Capital punishment has concerned the judicial system and civil rights groups for decades. LET HIM HAVE IT, based on a 1952 case in England which ended in the hanging of young Derek Bentley, has an immediacy that is proved by recent renewals of arguments pro and con in Britain's courts. Beginning with Bentley's (Chris Eccleston) childhood in war-torn England,...read more
Capital punishment has concerned the judicial system and civil rights groups for decades. LET HIM HAVE IT, based on a 1952 case in England which ended in the hanging of young Derek Bentley, has an immediacy that is proved by recent renewals of arguments pro and con in Britain's courts.
Beginning with Bentley's (Chris Eccleston) childhood in war-torn England, the film depicts his hardships and deprivations, as well as the class demarcations that help make Derek, a brain-damaged epileptic, an outcast. With the prevailing mores weakened by the sordidness and meanness of a world in
flux, there is a proliferation of guns. Lethal weapons are traded by schoolboys as casually as baseball cards. Also, the exciting diet of gangster films from the US is inspirational fodder for many of these amoral youngsters.
When Derek, now a shy teenager, meets cock o' the walk Chris Craig (Paul Reynolds), he readily succumbs to the youth's seductive charm. Craig, a smooth 16-year-old know-it-all, is the very image of macho, a small copy of a suave film gangster. Craig seems to accept the timid, sweet-natured Derek,
inspiring him to look sharp, walk tall and--especially--act tough. The grateful Derek, in turn, becomes his eager puppet.
Chris, Derek and two other boys plan to rob a butcher's shop, but abandon the idea when they discover the proprietor still inside. The two other boys leave but, undaunted, Chris and Derek go on to a nearby candy factory. Spotted on the roof, the pair are quickly surrounded by armed police, and in
the ensuing battle Chris shoots two of the officers, one of them fatally, after Bentley goads him on, shouting "Let him have it!" Quickly apprehended, their case gives the government an opportunity to restore order in the midst of chaotic turmoil and rampant lawlessness. Their trial lasts just two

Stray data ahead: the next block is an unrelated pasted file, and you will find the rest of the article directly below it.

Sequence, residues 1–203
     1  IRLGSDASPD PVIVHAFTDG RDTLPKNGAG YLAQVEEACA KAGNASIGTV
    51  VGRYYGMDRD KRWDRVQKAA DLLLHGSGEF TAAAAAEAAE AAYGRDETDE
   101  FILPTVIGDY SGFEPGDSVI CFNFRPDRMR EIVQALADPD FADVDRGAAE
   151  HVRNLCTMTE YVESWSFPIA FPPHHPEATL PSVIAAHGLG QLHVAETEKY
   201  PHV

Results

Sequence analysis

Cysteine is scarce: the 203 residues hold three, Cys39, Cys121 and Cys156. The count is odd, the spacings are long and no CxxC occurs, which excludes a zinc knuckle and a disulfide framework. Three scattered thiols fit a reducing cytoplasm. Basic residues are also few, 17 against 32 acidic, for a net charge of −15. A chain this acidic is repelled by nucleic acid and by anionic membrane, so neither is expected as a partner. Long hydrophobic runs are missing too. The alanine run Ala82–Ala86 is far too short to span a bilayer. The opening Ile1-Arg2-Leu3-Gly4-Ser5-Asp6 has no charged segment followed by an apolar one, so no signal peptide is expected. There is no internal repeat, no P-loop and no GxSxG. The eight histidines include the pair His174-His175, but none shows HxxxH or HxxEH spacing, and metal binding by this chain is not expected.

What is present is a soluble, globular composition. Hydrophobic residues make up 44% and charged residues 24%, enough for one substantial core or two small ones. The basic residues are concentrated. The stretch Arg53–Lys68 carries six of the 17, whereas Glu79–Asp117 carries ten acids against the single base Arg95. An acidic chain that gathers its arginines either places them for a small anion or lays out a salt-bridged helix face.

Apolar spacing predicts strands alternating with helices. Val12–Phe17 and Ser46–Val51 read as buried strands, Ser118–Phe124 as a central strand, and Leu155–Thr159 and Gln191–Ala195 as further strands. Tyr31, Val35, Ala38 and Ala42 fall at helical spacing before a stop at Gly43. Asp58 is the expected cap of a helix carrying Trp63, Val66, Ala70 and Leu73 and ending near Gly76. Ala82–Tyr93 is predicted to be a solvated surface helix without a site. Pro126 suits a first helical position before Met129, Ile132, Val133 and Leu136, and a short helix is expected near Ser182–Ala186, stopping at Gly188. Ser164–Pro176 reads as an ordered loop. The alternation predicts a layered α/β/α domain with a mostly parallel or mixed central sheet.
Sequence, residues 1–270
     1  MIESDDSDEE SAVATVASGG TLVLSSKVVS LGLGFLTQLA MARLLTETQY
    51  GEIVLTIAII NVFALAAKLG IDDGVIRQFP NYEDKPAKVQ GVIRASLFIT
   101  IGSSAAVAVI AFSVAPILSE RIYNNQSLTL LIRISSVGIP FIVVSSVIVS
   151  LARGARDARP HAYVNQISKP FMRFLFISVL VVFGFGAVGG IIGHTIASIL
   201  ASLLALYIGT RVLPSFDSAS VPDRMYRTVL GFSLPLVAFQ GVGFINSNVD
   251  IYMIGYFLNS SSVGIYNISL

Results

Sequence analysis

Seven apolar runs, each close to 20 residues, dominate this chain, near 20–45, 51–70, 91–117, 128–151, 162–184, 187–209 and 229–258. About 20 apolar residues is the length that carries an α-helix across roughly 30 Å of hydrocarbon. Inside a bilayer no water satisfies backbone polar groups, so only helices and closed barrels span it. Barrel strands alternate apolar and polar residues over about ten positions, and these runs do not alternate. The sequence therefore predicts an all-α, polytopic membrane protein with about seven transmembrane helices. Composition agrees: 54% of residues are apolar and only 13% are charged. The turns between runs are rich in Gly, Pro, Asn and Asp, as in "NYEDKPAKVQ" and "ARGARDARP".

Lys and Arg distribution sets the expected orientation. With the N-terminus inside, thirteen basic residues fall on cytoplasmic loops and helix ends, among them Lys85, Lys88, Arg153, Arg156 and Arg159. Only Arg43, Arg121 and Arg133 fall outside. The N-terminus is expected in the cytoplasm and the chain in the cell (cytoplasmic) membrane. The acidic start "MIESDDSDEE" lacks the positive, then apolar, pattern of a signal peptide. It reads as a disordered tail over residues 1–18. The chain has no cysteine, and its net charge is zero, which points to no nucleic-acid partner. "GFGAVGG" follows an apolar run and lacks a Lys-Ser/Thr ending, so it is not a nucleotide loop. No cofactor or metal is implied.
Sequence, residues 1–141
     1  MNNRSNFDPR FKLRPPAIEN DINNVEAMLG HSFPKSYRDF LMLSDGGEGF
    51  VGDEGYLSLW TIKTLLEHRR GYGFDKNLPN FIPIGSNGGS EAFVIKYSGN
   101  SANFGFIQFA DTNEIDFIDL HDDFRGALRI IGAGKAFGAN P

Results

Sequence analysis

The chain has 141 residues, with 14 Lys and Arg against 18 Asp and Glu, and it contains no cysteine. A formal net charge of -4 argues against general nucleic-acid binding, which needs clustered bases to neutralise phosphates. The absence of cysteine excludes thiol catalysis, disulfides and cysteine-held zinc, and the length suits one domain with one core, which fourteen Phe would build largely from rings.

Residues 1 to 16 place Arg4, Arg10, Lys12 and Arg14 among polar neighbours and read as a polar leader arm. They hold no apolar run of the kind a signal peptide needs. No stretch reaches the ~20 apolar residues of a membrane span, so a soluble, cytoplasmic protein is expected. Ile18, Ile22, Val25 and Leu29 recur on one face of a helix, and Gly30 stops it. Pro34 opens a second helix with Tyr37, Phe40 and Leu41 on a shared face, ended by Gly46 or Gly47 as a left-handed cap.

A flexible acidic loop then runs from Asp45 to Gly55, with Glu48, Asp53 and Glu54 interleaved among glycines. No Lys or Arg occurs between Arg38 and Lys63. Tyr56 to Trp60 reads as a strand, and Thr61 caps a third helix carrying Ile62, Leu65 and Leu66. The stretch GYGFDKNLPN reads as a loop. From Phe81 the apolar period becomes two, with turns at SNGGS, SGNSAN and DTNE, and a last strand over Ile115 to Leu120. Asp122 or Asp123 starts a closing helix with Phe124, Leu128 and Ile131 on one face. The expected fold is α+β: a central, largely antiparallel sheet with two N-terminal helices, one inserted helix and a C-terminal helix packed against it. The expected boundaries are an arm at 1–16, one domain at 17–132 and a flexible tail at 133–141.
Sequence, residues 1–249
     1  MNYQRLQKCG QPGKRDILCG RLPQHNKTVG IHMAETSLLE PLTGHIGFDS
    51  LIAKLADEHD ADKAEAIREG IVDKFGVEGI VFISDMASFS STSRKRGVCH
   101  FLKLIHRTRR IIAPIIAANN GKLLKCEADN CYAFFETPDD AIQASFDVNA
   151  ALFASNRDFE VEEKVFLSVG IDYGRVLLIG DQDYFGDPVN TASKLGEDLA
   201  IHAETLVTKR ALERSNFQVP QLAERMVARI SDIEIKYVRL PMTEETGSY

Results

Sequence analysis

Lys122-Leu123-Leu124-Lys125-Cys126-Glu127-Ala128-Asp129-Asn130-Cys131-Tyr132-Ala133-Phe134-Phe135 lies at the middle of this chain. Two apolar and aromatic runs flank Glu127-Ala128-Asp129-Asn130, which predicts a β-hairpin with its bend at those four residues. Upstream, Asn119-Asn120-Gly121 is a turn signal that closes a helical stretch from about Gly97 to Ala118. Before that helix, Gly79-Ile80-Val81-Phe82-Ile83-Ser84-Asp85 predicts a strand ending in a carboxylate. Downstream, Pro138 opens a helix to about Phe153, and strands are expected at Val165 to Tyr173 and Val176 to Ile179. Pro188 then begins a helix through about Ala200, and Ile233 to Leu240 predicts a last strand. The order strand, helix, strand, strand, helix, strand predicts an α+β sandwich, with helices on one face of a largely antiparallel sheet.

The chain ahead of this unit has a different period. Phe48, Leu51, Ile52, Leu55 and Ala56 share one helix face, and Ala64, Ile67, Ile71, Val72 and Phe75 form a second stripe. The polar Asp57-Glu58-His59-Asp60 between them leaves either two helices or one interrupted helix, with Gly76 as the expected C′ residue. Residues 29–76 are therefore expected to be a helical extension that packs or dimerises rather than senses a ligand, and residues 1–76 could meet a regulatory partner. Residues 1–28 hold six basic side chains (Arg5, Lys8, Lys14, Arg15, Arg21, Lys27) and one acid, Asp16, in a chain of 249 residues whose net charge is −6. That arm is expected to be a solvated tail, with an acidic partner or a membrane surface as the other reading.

days. Since Craig is just 16, he is sentenced to life imprisonment. Bentley, almost 19, is condemned to death and denied an appeal. He is hanged on January 28, 1953.
Directed by Peter Medak (THE KRAYS) from the screenplay by Neil Purvis and Robert Wade, LET HIM HAVE IT is a stirring film which leads the viewer to empathetic resolve. From the beginning of the film to its close, we never doubt the basic innocence of Derek Bentley, who, though guilty of goading
Chris Craig on, was innocent of the act itself. This must be credited to Medak's directorial grasp and commitment.
In the difficult role of Derek, Chris Eccleston is totally convincing, his affability and instinctive good-naturedness never eliciting a reaction that he is just a "retard." Equally fine is Paul Reynolds as Craig. Both Tom Courtenay and Eileen Atkins, who portray his caring and concerned parents,
overly strict and often demanding, are splendid in their roles, as is the rest of the cast.
LET HIM HAVE IT created a stir throughout the British Commonwealth and when it was released there in September 1991, it was at a most opportune time--just weeks earlier, spurred by Iris Bentley's campaign for the posthumous pardon of her brother, the Home Office had reopened an inquiry into the